You are not permitted to download, save or email this image. Visit image gallery to purchase the image.
This week, the Canterbury District Health Board advised two more cases of measles had now been confirmed, one in Nelson and the other in Christchurch.
They were linked to three cases notified late last week, reported in Queenstown, Wanaka and Christchurch.
Four of the five people, who range in age from 13 months to 46 years, had not been immunised.
Investigations were continuing as to whether the fifth person, in Nelson, had been.
Given the geographical spread of those affected, Public Health officials across the South Island have urged anyone with symptoms suggestive of measles to phone for health advice in the first instance.
Canterbury DHB medical officer of health Dr Ramon Pink said it was important people who thought they might have symptoms did not visit GP rooms or after-hours clinics.
''Instead, please phone your family doctor/general practice team first for advice, to limit further exposure to other people.''
Measles was a notifiable, highly infectious viral illness, spread through coughing and sneezing.
Those who had not been immunised and exposed to measles first developed a respiratory type of illness with dry cough, runny nose, temperature over 38.5degC and would feel ''very unwell'', Dr Pink said.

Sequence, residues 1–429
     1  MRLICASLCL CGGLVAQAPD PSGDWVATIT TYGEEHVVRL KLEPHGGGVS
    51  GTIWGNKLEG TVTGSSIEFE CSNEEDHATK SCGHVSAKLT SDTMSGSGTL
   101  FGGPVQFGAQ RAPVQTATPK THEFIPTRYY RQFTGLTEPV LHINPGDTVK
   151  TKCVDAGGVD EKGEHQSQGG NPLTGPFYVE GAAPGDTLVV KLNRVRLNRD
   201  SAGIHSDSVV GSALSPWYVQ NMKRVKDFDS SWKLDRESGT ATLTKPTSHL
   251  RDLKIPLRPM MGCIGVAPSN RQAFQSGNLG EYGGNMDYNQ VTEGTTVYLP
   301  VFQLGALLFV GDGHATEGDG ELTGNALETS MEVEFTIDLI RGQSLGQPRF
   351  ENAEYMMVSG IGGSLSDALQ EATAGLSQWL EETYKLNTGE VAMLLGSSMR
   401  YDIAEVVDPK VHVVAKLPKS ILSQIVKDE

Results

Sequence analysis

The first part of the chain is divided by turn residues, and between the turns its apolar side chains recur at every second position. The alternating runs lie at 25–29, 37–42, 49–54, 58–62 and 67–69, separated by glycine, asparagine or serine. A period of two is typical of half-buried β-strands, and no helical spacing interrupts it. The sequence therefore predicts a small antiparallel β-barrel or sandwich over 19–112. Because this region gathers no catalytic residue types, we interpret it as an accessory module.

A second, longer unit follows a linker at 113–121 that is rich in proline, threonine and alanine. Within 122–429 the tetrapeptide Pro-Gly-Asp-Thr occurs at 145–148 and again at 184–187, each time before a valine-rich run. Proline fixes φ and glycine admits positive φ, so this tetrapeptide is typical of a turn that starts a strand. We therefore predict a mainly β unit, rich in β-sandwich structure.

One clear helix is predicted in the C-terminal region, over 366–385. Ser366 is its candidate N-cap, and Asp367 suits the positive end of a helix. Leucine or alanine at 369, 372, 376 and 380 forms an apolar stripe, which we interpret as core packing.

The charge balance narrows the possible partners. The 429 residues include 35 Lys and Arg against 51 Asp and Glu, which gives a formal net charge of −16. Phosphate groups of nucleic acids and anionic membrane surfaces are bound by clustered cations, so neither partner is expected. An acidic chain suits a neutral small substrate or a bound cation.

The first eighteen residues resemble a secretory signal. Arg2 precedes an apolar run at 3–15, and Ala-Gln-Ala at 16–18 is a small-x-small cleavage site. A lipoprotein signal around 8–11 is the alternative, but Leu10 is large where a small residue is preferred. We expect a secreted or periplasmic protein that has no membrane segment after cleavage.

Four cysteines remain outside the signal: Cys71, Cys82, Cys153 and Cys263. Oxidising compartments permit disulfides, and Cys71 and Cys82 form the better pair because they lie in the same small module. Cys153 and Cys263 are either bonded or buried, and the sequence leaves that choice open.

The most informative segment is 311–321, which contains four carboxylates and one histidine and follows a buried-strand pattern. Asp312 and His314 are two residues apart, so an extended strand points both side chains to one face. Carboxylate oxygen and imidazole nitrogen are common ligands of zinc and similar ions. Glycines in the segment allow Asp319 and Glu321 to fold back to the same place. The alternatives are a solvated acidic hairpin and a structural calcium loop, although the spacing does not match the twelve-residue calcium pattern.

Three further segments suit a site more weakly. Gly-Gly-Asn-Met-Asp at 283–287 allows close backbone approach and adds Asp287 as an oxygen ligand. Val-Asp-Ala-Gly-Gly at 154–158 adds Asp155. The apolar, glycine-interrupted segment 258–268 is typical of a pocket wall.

A rash would present on the fourth or fifth day of the illness, usually spreading from the face to the chest and arms.
Public Health staff had not been able to trace the source of the outbreak and said they might have had a relatively mild illness and were now fully recovered.
However, they had determined the first three confirmed cases all visited Queenstown Airport on March 22 and those cases - and others infected since - had travelled on domestic flights within the South Island.
They may also have visited supermarkets, restaurants, camping grounds, recreational facilities and other public spaces.
Investigations were continuing and ''close contacts'' were being identified for follow-up.
Dr Pink said people were infectious from five days before the rash appeared to five days after it started and ''should stay in isolation during this time''.
''This means staying home from school or work and having no contact with unimmunised people.''